As discussed in greater detail in postings on the NEHBPA website, we have always considered the “overpayment” of earned purses as an additional share of the simulcasting revenue and a consequence of the terms of the contract. The contracts signed in the past required Suffolk to pay towards purses simulcasting revenue in accordance with state law. State law requires the parties to negotiate between a minimum and maximum percentage. So the contracts signed required Suffolk to pay an amount between 4% and 7.5% of the gross simulcast handle to purses which translates approximately to a minimum of 25% of the net commissions to a maximum of 50% of the net commissions.

I stand corrected re: more for purses than revenues could support.]

Coming back to the track’s commitment to racing, item four spells out the horsemen’s fears regarding expanded gaming:

If Suffolk Downs is granted a casino license, the profits that could be realized from developing for gaming use the portion of the Suffolk property presently used for racing will significantly exceed any profits that could be realized from continuing live thoroughbred racing. So the future of thoroughbred racing at Suffolk Downs appears to be clearly conditioned upon legislated conditions being attached to the gaming bill requiring Suffolk to continue thoroughbred racing.

Well, yes, and that’s what makes the slots trade such a treacherous one, as Bill Finley recently wrote. But the New England horsemen are not helping themselves by attempting to buck the trends driving the industry these days, such as shorter meets. The NEHBPA actually attempts to make an argument for a longer meet in item five, seeking to increase the number of race dates to a minimum of 125 days annually in order to support the Massachusetts breeding program. Ray Paulick responded to this seeming flight from reality:

So according to the legislature, the NEHBPA, and the Massachusetts Breeders Association, the state needs four racing days for every live foal it produced three years ago. Using that formula, Kentucky would require more than 30,000 racing dates a year.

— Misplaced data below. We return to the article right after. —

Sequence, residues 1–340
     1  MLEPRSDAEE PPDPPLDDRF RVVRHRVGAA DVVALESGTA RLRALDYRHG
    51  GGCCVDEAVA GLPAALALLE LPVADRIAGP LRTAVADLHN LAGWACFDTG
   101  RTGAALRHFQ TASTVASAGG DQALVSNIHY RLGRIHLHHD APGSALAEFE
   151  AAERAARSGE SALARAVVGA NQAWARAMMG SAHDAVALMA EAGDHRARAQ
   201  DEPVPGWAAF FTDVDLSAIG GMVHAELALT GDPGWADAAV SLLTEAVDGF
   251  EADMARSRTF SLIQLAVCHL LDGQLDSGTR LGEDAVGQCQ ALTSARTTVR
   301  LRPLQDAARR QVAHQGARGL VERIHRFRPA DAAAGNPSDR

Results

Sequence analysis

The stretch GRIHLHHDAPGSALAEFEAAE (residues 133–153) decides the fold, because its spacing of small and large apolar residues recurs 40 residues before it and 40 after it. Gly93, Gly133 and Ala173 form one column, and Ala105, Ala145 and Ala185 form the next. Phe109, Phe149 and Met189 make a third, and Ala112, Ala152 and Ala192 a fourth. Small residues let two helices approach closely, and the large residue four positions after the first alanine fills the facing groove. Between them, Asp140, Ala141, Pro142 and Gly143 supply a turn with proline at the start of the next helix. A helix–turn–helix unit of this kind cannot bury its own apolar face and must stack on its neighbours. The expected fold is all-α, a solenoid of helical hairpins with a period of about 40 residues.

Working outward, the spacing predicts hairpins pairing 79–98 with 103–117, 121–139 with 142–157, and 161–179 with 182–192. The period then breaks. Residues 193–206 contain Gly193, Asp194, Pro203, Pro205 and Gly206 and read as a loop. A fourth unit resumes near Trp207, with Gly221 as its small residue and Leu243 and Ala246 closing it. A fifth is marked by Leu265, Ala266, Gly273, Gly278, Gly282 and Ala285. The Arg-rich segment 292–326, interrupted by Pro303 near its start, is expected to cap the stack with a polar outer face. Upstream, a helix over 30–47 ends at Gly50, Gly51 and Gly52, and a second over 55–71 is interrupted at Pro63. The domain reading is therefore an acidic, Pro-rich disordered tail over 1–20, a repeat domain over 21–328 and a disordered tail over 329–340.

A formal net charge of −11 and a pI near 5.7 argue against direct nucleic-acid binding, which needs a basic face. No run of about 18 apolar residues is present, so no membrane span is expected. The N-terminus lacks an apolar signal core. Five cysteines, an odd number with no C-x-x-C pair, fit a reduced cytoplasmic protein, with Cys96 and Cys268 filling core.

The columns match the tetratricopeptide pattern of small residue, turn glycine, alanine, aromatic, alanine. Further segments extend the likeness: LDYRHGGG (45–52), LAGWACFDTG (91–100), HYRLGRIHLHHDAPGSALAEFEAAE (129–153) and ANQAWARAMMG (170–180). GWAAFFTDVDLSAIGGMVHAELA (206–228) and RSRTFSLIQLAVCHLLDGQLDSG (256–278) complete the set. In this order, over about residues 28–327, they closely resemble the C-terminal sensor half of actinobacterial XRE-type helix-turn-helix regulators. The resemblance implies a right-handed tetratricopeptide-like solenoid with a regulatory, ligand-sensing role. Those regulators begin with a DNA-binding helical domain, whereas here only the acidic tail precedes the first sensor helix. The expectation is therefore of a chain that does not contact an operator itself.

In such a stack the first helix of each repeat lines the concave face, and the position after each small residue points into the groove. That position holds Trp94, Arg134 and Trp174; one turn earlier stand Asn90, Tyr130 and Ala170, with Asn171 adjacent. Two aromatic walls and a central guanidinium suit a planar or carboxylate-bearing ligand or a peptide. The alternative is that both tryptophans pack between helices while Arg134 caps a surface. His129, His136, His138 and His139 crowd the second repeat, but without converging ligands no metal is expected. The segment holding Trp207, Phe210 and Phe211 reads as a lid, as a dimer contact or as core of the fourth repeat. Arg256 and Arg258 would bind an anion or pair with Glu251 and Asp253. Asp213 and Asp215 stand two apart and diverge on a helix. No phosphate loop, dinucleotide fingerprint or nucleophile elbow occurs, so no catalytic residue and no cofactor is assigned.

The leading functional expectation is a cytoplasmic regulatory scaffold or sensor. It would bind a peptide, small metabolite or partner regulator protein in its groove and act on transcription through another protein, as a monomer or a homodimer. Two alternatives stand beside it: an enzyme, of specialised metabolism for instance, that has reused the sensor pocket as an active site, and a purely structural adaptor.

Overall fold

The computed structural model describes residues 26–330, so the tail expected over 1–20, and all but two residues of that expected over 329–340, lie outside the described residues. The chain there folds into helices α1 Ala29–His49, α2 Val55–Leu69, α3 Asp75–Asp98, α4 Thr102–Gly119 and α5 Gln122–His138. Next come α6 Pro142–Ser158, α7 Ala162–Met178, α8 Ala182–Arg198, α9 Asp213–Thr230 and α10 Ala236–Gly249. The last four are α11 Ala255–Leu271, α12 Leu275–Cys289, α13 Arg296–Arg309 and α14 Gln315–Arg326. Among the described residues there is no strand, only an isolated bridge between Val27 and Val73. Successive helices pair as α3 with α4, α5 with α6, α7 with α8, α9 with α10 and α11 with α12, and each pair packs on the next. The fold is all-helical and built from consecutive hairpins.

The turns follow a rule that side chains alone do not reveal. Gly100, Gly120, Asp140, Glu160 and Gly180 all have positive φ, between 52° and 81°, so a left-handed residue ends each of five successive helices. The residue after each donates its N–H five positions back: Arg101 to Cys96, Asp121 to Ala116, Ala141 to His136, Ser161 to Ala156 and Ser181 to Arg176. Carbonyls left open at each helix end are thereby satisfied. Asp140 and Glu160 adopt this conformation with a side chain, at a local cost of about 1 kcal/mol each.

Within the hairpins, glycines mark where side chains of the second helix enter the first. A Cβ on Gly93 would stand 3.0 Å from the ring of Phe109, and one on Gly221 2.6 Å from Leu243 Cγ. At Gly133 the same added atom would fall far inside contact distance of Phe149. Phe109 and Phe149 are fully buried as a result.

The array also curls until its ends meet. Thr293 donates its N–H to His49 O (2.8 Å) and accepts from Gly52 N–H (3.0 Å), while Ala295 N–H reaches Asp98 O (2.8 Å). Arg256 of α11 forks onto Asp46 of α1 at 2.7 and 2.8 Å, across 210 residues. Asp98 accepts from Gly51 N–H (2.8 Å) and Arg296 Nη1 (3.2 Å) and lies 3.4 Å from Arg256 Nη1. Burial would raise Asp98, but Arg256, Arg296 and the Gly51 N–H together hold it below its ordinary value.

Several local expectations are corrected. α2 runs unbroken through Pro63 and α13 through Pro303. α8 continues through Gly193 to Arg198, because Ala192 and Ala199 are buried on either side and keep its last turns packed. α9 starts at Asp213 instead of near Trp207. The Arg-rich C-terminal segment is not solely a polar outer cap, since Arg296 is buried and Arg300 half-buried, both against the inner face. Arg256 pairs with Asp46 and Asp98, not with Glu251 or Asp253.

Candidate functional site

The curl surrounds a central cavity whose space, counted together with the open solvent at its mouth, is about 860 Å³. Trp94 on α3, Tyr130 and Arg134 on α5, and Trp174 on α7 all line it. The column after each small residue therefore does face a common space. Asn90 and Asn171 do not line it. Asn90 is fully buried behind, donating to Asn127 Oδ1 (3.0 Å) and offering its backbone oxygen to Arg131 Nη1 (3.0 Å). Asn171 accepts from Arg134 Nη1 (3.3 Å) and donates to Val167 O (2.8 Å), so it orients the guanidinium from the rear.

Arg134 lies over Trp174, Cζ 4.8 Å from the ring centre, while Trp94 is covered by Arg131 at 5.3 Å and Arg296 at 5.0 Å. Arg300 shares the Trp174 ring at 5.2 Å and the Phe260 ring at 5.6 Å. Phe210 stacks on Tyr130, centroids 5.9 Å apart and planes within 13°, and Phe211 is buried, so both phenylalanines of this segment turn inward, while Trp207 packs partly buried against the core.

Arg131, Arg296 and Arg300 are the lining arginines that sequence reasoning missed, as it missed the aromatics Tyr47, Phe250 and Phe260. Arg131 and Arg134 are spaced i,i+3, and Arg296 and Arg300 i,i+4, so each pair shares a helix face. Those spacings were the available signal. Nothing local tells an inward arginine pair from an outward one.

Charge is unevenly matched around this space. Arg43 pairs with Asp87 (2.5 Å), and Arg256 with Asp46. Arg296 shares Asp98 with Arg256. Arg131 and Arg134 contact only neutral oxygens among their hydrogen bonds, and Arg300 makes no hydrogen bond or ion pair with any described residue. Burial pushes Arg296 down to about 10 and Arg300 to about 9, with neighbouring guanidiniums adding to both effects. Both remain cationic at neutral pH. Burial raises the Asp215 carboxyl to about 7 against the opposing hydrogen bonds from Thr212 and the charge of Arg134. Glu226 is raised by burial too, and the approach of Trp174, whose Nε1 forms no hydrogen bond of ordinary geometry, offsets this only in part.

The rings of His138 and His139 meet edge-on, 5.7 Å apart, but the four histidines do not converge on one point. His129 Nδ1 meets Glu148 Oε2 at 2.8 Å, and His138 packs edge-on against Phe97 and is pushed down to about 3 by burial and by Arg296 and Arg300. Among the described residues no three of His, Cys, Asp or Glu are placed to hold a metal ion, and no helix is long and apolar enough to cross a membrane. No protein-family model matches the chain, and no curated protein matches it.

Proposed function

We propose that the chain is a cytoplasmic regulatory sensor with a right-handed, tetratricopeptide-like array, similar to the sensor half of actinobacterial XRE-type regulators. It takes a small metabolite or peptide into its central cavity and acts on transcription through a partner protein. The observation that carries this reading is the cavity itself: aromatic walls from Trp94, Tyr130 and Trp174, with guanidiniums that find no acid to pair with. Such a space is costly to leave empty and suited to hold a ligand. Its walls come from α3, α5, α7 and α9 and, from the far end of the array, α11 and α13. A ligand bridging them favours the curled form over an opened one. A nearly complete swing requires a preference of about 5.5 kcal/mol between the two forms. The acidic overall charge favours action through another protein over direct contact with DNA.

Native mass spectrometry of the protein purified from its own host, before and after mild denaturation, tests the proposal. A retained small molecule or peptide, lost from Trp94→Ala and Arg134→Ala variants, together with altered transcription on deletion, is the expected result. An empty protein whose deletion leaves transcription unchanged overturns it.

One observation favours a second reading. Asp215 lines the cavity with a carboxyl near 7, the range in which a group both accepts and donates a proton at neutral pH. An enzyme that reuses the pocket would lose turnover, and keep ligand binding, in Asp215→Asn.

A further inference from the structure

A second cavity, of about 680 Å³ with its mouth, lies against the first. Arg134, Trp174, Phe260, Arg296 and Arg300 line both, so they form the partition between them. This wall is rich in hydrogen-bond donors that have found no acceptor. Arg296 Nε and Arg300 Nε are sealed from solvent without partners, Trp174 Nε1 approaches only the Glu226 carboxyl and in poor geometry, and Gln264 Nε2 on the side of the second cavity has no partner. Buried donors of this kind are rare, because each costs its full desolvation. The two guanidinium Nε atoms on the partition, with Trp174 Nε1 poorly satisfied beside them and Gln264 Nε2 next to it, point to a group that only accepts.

There’s just no market for 125 days of Massachusetts racing (or 100 days), not at the level the game currently exists in the state. The handle bears that out.

Because I’m determined to keep this post to a reasonable length, we’ll skip over the rest of the document, which largely reiterates points already made. The exception is a late charge, in item 10, that Suffolk is negotiating with the intention of not holding a meet. “The negotiating posture of Suffolk Downs clearly evidences its intent not to conduct live racing in 2011,” reads the fact-sheet. Track management has said elsewhere, and repeatedly, that a live meet is planned, whether an agreement is made with the NEHBPA or another horsemen’s group, and I see little reason to doubt the sincerity of their statements, although I do agree with the NEHBPA that average daily purses of $75,000 for 100 days are “insufficient.” The solution, though, is fewer days.


That is some very good work!


Posted by PTP on February 10, 2011 @ 12:01 pm

[…] the horsemen charged in a fact-sheet posted to the NEHBPA website last week that Suffolk wasn’t negotiating with the intention of running a live meet this year, they […]

Posted by Jessica Chapel / Railbird v2 - 100 Days or No Days on February 16, 2011 @ 5:50 pm